Recently I did a series of stories called “Folkies.” In it, I talked about folk-rock and its origins in the coffee houses of the late 1950s and early 1960s. The stories were surprisingly well met along with many requests to continue. I finished Folkies with a story about going to California along with a hundred thousand other guitar players aspiring to become famous in this new musical form taking shape. To continue, you will read stories of exhilaration, pain, laughter, and tears. And the real truth about Hollywood. “When you’re hot you’re hot and when you’re not you’re not.” PERIOD !
At the end of the last stories about the folkies, I had just arrived in Hollywood and hooked up with a group of old friends including Michael Brewer. I had discovered an open mic night at the Troubadour and began writing songs with Michael. While there were no places for a beginning singer/songwriter to get work in Hollywood, there were places a driving distance from LA, where an unknown musician could get hired. I remember traveling to small clubs in places like Newport Beach where I could find a gig and make an attempt at staying alive.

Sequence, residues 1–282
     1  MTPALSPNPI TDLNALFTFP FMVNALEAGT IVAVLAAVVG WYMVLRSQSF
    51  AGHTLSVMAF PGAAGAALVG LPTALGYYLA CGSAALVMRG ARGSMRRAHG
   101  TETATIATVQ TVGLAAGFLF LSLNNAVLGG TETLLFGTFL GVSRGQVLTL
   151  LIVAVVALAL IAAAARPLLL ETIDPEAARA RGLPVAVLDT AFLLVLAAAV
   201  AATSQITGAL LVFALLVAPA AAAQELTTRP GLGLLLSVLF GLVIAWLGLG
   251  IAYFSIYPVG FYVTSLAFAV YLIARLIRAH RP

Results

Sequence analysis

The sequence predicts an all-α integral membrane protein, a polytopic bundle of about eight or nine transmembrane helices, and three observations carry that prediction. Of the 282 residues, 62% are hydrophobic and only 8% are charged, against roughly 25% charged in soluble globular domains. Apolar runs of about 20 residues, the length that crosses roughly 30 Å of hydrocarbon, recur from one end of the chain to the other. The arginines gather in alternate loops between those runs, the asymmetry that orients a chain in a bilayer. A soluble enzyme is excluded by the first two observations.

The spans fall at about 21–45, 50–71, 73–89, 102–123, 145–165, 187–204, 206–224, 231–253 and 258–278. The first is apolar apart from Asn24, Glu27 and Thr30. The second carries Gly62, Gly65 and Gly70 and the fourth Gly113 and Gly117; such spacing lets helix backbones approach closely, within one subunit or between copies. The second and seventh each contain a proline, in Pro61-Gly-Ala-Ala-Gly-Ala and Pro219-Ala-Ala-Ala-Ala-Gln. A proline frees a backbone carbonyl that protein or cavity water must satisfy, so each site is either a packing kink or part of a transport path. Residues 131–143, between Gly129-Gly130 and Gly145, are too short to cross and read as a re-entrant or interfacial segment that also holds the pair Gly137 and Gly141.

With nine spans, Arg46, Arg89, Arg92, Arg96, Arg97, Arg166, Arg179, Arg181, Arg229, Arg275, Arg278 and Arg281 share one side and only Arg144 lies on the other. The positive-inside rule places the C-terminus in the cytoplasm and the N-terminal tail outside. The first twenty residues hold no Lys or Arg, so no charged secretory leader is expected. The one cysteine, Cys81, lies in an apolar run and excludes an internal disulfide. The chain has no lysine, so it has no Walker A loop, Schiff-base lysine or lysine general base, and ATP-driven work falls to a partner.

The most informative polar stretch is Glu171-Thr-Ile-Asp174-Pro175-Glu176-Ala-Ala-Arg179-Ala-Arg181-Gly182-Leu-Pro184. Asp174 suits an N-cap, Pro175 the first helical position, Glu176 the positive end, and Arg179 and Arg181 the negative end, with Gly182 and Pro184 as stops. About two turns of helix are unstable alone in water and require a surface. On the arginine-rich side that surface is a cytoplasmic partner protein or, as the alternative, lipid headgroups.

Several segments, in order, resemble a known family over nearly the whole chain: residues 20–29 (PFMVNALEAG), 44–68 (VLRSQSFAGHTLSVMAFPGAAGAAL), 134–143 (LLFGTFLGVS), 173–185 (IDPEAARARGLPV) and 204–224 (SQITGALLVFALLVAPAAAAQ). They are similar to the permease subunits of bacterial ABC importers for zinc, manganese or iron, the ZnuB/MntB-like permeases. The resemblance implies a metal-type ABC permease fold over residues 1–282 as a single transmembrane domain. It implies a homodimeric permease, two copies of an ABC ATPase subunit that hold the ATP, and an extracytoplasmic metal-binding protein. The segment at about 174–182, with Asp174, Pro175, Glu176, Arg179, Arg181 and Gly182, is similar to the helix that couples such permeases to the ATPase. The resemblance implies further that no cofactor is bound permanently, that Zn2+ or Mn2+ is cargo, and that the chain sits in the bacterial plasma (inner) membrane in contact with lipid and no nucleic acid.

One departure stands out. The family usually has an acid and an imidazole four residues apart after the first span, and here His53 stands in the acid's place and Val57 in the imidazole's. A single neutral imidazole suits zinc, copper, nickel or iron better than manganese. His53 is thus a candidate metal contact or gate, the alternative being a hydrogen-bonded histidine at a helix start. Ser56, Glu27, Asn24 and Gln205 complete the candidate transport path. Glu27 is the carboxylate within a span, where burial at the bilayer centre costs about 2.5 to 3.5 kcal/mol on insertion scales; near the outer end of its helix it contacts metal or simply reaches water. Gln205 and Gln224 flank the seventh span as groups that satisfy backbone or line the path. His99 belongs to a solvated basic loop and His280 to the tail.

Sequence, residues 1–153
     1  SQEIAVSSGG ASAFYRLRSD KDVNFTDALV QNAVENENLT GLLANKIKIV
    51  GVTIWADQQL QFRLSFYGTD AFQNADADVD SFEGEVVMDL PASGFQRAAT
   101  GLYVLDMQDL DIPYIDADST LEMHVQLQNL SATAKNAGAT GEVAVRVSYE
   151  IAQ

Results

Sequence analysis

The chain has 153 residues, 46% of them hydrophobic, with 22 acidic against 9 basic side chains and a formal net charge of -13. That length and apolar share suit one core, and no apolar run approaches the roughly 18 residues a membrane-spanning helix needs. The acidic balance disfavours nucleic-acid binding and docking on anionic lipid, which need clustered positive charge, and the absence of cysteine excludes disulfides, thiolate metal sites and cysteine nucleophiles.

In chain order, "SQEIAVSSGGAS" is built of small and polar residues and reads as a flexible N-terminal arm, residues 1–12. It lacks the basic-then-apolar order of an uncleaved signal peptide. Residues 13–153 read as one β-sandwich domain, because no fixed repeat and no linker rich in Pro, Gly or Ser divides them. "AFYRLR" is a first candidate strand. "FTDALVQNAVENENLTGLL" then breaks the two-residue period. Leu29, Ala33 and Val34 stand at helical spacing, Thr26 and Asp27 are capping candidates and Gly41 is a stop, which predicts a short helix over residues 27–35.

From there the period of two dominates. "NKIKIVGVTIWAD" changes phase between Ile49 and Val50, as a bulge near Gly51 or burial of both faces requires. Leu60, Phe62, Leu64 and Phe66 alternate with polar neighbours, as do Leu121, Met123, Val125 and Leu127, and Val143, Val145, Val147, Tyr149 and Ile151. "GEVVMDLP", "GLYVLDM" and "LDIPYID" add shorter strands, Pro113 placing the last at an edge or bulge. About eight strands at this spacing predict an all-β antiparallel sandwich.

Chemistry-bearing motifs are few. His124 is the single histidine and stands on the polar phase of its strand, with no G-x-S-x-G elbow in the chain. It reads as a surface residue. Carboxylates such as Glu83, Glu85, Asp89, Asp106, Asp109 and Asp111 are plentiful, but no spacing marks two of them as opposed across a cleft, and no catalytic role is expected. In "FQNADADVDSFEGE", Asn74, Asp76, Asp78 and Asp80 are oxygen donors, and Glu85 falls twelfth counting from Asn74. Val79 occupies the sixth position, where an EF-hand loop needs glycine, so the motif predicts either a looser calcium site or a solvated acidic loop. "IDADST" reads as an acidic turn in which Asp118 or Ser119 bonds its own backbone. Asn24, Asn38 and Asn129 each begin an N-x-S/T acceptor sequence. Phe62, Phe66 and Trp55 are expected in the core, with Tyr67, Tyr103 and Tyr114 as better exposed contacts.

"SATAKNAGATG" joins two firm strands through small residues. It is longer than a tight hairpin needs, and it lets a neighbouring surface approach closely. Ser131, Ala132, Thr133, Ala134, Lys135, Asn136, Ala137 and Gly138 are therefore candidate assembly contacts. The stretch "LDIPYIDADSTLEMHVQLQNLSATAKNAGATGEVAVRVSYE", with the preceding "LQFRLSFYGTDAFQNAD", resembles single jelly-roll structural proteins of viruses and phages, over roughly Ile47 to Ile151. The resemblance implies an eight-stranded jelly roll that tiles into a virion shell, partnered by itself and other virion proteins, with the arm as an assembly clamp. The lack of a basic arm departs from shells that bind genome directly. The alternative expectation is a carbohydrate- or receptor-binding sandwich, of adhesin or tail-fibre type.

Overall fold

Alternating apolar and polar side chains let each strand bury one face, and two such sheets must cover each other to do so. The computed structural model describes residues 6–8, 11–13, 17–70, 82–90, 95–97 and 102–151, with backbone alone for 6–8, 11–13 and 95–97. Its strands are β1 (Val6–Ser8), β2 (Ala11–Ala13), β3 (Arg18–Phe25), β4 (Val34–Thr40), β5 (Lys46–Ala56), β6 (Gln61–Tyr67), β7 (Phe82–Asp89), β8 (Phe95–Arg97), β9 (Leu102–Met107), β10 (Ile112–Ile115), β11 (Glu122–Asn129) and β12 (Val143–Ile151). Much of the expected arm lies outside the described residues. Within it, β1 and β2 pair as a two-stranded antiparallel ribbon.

It didn’t take long to understand the music business in LA. It went something like this. The Beatles had recently come to the US and money was pouring into Hollywood like water over Niagara. Like all major industries, the “suits” ran the business. Like “suits” everywhere they were guys in their late 40s and 50s. And like their peers, which would include my parents, thought this Beatles’ music sounded like crap. They didn’t get it. They did, however, get the fact that it was making money faster than Eddie Van Halen could play guitar. I guess they figured if something sounded like crap to them it stood a chance of making a fortune. This resulted in the music business throwing huge sums of money at all sorts of things. Some really good and others really terrible. They couldn’t tell the difference.